Chasing Learning Curves

Next week is my last at Box. After six amazing and crazy years, I’m joining Social Capital in December to run brand and talent. Since startup years are like dog years, I feel like I’ve spent many decades in the enterprise software industry. At the same time, I feel like I started yesterday.

I never imagined I’d work in enterprise software. But I’d gone to high school with the Box co-founders, and in 2009, one of them posted a community manager job listing on my Facebook page. “Know anyone?”

The timing was good. In 2007, Box had decided to ditch the flashier consumer market to focus on businesses, believing consumer cloud storage would be commoditized and building for enterprises offered more opportunity for differentiation. And after a long and bumpy tour of Sand Hill Road in 2007 and 2008 (hello economic downturn), Box finally raised a Series B to invest in putting that theory to work. By the time I joined in 2009, they were finding their footing selling to businesses, and things were starting to take off.

I didn’t know many people who worked at startups in 2009, so going to a 50-person company felt risky and rather exotic. We put snarky anti-SharePoint billboards along 101 (sorry, Microsoft) and photo-shopped Steve Ballmer into a pirate (sorry again!). We declared enterprise software “sexy” and raised rounds that seemed huge at the time (a $15M Series C!). I went from a team of one to a manager. I was in way over my head, and I loved every minute of it.

Getting to “grow up” with a company is an amazing thing. It’s a constant challenge to stretch and scale yourself to match the pace of a fast-growing startup. In my six years at Box, I’ve always felt not quite experienced enough, not quite prepared enough. Not least of all during our highly unusual, ten-month IPO process — one of the worst and best things I’ve ever been through. But when you work with a great team, the hardest moments tend to be the ones you’re most proud of.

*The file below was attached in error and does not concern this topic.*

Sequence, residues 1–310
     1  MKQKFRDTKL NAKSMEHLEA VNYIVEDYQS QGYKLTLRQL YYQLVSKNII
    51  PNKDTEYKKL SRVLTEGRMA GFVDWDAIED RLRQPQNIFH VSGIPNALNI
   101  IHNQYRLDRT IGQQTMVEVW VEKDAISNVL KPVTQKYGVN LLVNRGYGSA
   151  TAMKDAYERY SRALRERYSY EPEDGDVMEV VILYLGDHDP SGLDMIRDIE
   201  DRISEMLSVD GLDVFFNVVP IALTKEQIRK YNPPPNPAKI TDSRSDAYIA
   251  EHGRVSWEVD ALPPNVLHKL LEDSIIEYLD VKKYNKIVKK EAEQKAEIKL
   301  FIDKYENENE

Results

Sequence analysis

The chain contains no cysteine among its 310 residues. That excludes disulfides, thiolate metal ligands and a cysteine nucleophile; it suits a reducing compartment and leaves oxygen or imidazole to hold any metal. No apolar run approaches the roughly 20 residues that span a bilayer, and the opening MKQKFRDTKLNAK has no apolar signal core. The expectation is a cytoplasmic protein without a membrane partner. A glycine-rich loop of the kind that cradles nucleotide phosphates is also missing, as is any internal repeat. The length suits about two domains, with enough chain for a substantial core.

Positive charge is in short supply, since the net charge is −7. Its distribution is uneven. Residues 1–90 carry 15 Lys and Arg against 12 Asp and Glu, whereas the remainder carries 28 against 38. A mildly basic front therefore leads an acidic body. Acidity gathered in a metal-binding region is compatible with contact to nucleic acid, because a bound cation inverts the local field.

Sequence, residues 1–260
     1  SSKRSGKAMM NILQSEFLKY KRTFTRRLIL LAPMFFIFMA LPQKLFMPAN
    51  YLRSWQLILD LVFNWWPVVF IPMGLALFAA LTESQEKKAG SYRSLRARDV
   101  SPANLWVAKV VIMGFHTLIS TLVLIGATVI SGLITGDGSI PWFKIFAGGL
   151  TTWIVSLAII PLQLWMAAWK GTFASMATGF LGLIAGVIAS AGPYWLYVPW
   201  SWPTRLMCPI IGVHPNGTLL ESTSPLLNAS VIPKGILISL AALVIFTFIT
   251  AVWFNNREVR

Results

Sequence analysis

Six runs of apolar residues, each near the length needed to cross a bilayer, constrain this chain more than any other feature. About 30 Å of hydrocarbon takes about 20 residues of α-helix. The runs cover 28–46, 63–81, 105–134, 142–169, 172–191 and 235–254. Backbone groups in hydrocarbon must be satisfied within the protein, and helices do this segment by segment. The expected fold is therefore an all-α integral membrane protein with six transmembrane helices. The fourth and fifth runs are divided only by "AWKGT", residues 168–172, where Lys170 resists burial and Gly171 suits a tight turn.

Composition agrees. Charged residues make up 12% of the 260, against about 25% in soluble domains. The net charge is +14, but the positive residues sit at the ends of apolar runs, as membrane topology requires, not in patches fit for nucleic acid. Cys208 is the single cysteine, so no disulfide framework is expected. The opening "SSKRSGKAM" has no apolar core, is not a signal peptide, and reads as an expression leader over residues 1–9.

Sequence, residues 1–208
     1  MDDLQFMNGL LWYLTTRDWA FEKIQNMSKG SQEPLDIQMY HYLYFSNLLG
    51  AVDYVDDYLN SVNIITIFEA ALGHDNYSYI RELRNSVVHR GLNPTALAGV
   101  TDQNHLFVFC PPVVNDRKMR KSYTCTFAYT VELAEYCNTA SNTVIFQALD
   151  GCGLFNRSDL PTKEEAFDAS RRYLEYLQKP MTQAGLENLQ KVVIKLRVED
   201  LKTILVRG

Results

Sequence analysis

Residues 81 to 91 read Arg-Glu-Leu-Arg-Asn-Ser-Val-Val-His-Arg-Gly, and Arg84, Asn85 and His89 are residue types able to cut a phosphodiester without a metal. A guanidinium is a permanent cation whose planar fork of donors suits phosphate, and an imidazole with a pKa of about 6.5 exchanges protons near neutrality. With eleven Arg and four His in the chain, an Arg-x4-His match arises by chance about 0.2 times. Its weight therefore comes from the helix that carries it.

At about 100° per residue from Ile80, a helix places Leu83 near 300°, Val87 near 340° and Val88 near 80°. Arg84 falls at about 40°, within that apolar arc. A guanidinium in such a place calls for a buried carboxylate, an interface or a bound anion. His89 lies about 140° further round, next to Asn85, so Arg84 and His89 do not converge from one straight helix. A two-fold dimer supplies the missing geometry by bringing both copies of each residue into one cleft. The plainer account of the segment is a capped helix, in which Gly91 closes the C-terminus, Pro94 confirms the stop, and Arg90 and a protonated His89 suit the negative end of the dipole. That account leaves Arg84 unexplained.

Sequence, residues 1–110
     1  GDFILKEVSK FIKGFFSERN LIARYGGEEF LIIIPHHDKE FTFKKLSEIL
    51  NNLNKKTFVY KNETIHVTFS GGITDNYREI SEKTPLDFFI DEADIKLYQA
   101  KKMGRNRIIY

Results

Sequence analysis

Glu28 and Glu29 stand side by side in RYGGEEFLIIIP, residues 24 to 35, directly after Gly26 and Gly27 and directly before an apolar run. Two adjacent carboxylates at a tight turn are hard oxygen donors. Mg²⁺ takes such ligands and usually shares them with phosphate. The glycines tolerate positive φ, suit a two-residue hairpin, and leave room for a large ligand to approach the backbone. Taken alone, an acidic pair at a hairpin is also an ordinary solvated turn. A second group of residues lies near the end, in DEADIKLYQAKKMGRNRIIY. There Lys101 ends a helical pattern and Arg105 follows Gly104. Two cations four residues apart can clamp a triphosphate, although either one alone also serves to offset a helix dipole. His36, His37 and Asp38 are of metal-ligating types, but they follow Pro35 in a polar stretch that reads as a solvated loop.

The steep learning curves I’ve experienced at Box are addicting. Which is why I couldn’t pass up the chance to join Social Capital. New industry, new responsibilities. Technically, I’m staying in the extended Box family, since Social Capital invested in Box and was co-founded by Mamoon Hamid, who led that Hail Mary Series B round for USVP. Mamoon, Chamath, Ted and the rest of the firm have a unique and compelling vision for how technology paired with people and capital can shape the world, and I’m excited to be totally in over my head as I help them achieve it.

To my Box family: I’m so grateful for the incredible ride. I’ve loved working with such talented and passionate people, and I can’t wait to watch as you build Box into the next great enterprise software company. And to my team: it’s been such a privilege. I’ll always be your biggest and most meddlesome fan.

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